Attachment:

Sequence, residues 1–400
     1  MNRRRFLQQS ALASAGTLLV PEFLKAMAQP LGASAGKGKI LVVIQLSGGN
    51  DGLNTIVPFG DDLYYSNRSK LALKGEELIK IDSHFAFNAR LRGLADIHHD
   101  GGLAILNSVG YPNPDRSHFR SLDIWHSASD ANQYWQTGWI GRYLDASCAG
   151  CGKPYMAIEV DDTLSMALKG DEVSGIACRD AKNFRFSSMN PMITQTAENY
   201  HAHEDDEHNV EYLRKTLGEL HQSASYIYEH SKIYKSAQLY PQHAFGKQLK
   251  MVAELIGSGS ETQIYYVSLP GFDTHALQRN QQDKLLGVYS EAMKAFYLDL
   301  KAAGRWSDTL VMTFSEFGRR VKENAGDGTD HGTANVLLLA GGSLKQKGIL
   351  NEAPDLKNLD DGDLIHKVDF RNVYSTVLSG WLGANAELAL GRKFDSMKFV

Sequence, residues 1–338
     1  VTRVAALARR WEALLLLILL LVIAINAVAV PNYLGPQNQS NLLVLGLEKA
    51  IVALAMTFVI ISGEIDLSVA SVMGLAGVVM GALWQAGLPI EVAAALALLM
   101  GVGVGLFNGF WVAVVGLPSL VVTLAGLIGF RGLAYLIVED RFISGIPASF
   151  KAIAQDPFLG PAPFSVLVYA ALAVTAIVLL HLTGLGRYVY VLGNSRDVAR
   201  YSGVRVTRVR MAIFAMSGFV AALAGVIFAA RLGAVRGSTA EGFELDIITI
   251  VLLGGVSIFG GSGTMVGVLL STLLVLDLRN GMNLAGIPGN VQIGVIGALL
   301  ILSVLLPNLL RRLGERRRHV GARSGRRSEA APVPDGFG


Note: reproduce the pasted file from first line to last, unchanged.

Sequence, residues 1–400
     1  MNRRRFLQQS ALASAGTLLV PEFLKAMAQP LGASAGKGKI LVVIQLSGGN
    51  DGLNTIVPFG DDLYYSNRSK LALKGEELIK IDSHFAFNAR LRGLADIHHD
   101  GGLAILNSVG YPNPDRSHFR SLDIWHSASD ANQYWQTGWI GRYLDASCAG
   151  CGKPYMAIEV DDTLSMALKG DEVSGIACRD AKNFRFSSMN PMITQTAENY
   201  HAHEDDEHNV EYLRKTLGEL HQSASYIYEH SKIYKSAQLY PQHAFGKQLK
   251  MVAELIGSGS ETQIYYVSLP GFDTHALQRN QQDKLLGVYS EAMKAFYLDL
   301  KAAGRWSDTL VMTFSEFGRR VKENAGDGTD HGTANVLLLA GGSLKQKGIL
   351  NEAPDLKNLD DGDLIHKVDF RNVYSTVLSG WLGANAELAL GRKFDSMKFV

Sequence, residues 1–338
     1  VTRVAALARR WEALLLLILL LVIAINAVAV PNYLGPQNQS NLLVLGLEKA
    51  IVALAMTFVI ISGEIDLSVA SVMGLAGVVM GALWQAGLPI EVAAALALLM
   101  GVGVGLFNGF WVAVVGLPSL VVTLAGLIGF RGLAYLIVED RFISGIPASF
   151  KAIAQDPFLG PAPFSVLVYA ALAVTAIVLL HLTGLGRYVY VLGNSRDVAR
   201  YSGVRVTRVR MAIFAMSGFV AALAGVIFAA RLGAVRGSTA EGFELDIITI
   251  VLLGGVSIFG GSGTMVGVLL STLLVLDLRN GMNLAGIPGN VQIGVIGALL
   301  ILSVLLPNLL RRLGERRRHV GARSGRRSEA APVPDGFG